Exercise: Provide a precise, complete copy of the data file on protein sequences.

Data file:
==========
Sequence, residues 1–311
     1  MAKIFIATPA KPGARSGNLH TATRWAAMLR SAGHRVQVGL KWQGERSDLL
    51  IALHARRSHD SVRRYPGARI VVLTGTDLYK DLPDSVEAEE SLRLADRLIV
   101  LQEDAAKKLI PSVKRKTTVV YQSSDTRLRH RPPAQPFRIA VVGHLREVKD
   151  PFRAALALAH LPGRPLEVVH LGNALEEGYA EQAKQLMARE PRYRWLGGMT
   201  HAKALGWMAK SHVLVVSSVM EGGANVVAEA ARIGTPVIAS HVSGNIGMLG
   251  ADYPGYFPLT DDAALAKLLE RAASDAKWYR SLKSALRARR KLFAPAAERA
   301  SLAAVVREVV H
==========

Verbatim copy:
Sequence, residues 1–311
     1  MAKIFIATPA KPGARSGNLH TATRWAAMLR SAGHRVQVGL KWQGERSDLL
    51  IALHARRSHD SVRRYPGARI VVLTGTDLYK DLPDSVEAEE SLRLADRLIV
   101  LQEDAAKKLI PSVKRKTTVV YQSSDTRLRH RPPAQPFRIA VVGHLREVKD
   151  PFRAALALAH LPGRPLEVVH LGNALEEGYA EQAKQLMARE PRYRWLGGMT
   201  HAKALGWMAK SHVLVVSSVM EGGANVVAEA ARIGTPVIAS HVSGNIGMLG
   251  ADYPGYFPLT DDAALAKLLE RAASDAKWYR SLKSALRARR KLFAPAAERA
   301  SLAAVVREVV H